There’s no question that the Pittsburgh Steelers have done a great job with their first-round picks of late. For the most part, the majority of them are either Pro Bowlers or were quality contributors at one point. Since the year 2000, 10 Pittsburgh Steelers’ first-round picks went to the Pro Bowl and a number of others (like Santonio Holmes and Plaxico Burress) weren’t too far off. Since they’re so good at drafting and building rosters, it’s one of the reasons why sportsbooks like BookMaker always have them among the favorites to win the AFC North each year.

In this article, though, we’re taking a look at the other side of the coin: the busts. Let’s take a trip down memory lane and recall all of the worst first-round picks in Pittsburgh Steelers franchise history.

Dec 23, 2018; Miami Gardens, FL, USA; Miami Dolphins defensive end Robert Quinn (94) and Miami Dolphins defensive tackle Ziggy Hood (97) before a game against the Jacksonville Jaguars at Hard Rock Stadium. Mandatory Credit: Steve Mitchell-USA TODAY Sports

Ziggy Hood

2009 NFL Draft: 32nd Overall

It’s not that Hood was a bad player but he never blossomed into a star that many people thought he could be. Remember, the Steelers had ferocious defensive lines at that time with guys like Casey Hampton and Aaron Smith wreaking havoc. Hood eventually got there but it took him until 2011 to be a full-time starter and he wasn’t a real impact player for long. He never had more than three sacks in a season and was later benched for Cam Heyward in 2013. 

Jarvis Jones

2013 NFL Draft: 17th Overall

The Steelers whiffing on a linebacker? That’s something you rarely hear about.

Few teams have had more success at finding impact linebackers than the Steelers but Jarvis Jones just never amounted to much. He was a stellar pass rusher for the Georgia Bulldogs and the hope was that would continue in the NFL. At the time, the Steelers needed a replacement for James Harrison.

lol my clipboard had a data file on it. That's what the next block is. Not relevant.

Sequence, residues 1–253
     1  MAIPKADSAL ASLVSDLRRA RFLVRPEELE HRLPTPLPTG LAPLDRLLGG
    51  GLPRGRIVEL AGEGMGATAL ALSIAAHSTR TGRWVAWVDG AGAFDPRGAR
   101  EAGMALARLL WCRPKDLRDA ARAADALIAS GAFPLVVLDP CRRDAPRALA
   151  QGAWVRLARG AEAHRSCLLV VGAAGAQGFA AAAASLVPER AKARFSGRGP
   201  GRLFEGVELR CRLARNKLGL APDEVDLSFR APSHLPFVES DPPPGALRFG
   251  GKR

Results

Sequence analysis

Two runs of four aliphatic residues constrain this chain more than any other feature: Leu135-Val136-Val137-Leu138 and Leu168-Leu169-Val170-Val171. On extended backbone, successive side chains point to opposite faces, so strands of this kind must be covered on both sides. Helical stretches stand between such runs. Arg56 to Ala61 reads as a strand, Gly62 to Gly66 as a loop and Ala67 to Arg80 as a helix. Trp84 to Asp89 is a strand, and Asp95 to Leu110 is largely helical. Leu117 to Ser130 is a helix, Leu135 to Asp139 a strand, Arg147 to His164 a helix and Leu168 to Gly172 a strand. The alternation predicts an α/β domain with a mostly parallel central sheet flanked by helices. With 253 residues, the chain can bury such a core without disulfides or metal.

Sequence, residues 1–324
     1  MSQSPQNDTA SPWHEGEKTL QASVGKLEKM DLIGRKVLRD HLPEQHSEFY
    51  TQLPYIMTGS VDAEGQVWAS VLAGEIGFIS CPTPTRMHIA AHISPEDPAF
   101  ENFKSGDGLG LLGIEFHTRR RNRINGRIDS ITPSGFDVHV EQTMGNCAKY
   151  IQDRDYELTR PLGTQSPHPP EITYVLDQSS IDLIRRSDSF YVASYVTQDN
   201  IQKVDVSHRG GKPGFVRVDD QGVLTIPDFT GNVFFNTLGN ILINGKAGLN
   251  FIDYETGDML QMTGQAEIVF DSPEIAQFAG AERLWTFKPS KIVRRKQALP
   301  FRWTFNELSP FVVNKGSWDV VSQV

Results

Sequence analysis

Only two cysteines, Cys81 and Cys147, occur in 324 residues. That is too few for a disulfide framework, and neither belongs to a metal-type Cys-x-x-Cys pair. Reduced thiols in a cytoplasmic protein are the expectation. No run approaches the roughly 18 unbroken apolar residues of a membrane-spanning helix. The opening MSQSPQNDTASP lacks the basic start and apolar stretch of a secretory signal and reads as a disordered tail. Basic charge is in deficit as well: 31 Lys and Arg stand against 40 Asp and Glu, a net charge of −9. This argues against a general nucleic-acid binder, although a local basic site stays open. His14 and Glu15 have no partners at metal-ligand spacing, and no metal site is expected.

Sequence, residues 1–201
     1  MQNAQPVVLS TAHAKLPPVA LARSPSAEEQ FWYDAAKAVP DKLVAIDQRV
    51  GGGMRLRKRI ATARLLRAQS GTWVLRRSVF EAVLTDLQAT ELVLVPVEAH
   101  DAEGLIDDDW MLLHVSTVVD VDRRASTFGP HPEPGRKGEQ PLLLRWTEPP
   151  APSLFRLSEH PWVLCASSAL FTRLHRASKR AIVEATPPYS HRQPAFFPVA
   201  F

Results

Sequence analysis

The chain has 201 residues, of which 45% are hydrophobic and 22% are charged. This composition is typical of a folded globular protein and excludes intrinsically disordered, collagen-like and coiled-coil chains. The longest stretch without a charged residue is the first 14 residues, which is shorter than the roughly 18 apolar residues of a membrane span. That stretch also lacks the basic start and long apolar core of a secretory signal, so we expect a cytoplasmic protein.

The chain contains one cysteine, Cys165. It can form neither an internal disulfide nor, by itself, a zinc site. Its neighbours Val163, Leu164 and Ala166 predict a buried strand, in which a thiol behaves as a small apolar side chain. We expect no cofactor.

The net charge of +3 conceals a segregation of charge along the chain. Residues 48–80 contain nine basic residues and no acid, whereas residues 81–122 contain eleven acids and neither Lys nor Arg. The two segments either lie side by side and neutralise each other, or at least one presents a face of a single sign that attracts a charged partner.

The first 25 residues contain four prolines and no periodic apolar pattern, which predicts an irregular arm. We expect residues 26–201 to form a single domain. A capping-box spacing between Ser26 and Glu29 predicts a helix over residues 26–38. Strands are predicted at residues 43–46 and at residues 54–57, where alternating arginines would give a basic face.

Jones didn’t wind up starting until the 2015 seasons and that was when Jason Worilds retired. He only totaled three sacks in the next two seasons. The Steelers ended up letting him go and he never got another shot in the league.

Artie Burns

2016 NFL Draft: 25th Overall.

The Steelers were hoping to plug a leak in the secondary when they drafted former Miami Hurricanes corner Artie Burns in the first round of the 2016 NFL Draft. Instead, he proved to be one of the worst first-round picks the Steelers have ever drafted.

After an OK rookie year, Burns got the full-time starter’s role in 2017. He was an absolute bust right off the bat, getting burned up and down the field. By the end of 2018, Burns was already behind Coty Sensabaugh and Cam Sutton, who weren’t exactly that good themselves. He fell even further down the depth chart in 2019.

The Steelers had hoped to get something out of him but Burns just wasn’t good at the NFL level in any scenario.

Nov 3, 2019; Pittsburgh, PA, USA; Pittsburgh Steelers cornerback Artie Burns (25) runs the ball against the Pittsburgh Steelers during the first quarter at Heinz Field. Mandatory Credit: Charles LeClaire-USA TODAY Sports

Huey Richardson

1991 NFL Draft: 15th Overall

Richardson was actually the final first-round pick in the Chaz Noll era and he’s one to remember…or should we say, forget. He was a beast of a player in terms of measurables, coming in at 6’3, 238 pounds, but he finished his career playing just five games with three total tackles. How is that even possible?

Tim Worley

1989 NFL Draft: 7th Overall

Who could ever forget Tim Worley? After all, this was the man who was once described as “The Next Herschel Walker”. His NFL career finished off with a 3.9 yards-per-carry average with a total if five touchdowns.

Worley actually had an OK rookie regular season, compiling 770 rushing yards and five touchdowns. However, his fumble in the 1989 playoffs to the John Elway-led Denver Broncos basically cost the team the AFC Championship Game. He would last just three more seasons with the Steelers and would only rush for 1022 more rushing yards for the rest of his NFL career.

Mark Malone

1980 NFL Draft: 28th Overall

Why draft Dan Marino (in 1983) when you have Mark Malone? Yes, that’s right. One of the main reasons the Steelers opted not to draft the future Hall of Famer in 1983 was because they had Malone on the roster, whom they used a first round pick on in 1980. In fairness, the team still had Terry Bradshaw on the roster as well as backup Cliff Stoudt, but regardless, Malone never panned out. 

The Arizona State product got in the lineup for eight games in 1981 but completed just 51.1% of his passes and had three touchdowns with five interceptions. He got more of a full-time look starting in 1984 and he wasn’t much better. He finished with 16 touchdowns, 17 interceptions but still completed just 54.0% of his passes. 1985 would be his best campaign in terms of touchdown-to-interceptions as he had 13 versus seven. However, his dubious NFL career ended up with just 60 touchdowns, 81 interceptions and a paltry completion percentage of 50.9%.